The innovative technology behind 3D printing is certainly compelling, but it’s not a differentiator. The sooner companies define themselves as not only innovative technologies, but as brands, the more effectively they’ll tell their stories and the sooner they’ll be able to start winning the hearts and minds of their potential customers. Technology is cold. Brands are warm. People use technology. People love brands. Building a strong brand fosters strong love connections between companies and customers.
• Brand Assessment. You can’t get where you’re going until you know where you stand. Honestly and objectively assess where your brand is right now. Conducting staff interviews can uncover valuable insights and build internal consensus. Conduct audience interviews to dig deep and learn more about your potential customers. Develop audience persona documents to profile your distinct audiences, identify their emotional triggers and prescribe how to effectively engage them.
• Brand Strategy. Inspire your audience to take action. Articulate your unique place in your sector, how you’re different and why people should care. Establish consistent brand messaging to amplify the voice of your brand and form the foundation for all brand messaging to come.
• Brand Implementation. This is where your brand starts to interact with your audience and pay dividends. With a solid brand strategy based on an honest brand assessment, your marketing touchpoints will feel less experimental and will prove more effective. Resist the urge to changeyour message or dabble, running one ad once or sending one postcard a year. Your brand strategy will prescribe marketing efforts to meet your goals and can include web identity, videos, direct marketing, advertising, infographics and print materials. Public relations gets the message out to your key audiences through social media, media relations and influencer outreach.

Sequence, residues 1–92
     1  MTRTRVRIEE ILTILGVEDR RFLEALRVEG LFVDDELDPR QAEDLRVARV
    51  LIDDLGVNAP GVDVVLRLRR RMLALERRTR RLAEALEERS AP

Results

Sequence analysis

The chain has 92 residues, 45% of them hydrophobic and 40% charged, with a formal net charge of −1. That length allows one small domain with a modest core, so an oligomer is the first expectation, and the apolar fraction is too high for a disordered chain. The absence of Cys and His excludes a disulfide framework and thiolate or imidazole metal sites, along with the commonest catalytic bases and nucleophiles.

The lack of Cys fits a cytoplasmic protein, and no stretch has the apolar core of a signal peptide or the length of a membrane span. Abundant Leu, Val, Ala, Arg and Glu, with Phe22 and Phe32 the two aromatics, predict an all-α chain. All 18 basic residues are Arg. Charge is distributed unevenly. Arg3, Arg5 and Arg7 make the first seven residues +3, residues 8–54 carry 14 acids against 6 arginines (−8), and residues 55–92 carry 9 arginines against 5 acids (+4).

$21.2 billion bakes a big pie — carve out a piece
The 3D printing market is trending hard toward hyper-specialized B2B solutions. For innovative 3D printer brands, doing one job better than anyone will be more important than being many things to many people. Demonstrating real ROI will be more important than producing the lowest priced printer.
Being right will be more important than being first.
Brands that survive the 3D Printapocalypse will have a deep-rooted culture of innovation and best-inclass solutions. They’ll embrace and nurture their corporate brands on a holistic level, understand the ethos and emotional triggers of their audience and consistently articulate their value, supported by real data and realistic brand promises.
Sources: Inc., Techcrunch, Newsweek, TheStreet, RepRap.org, Vox, CNET, Fortune
Dawn Putney is CEO of Toolbox Creative, a B2B technology branding firm. She has 25+ years of results-driven marketing experience and speaks fluent Engineer. Kristin Golliher is founder and CEO of WildRock Public Relations & Marketing. Her big-picture thinking and stuffed-to-bursting Rolodex are nationally renowned.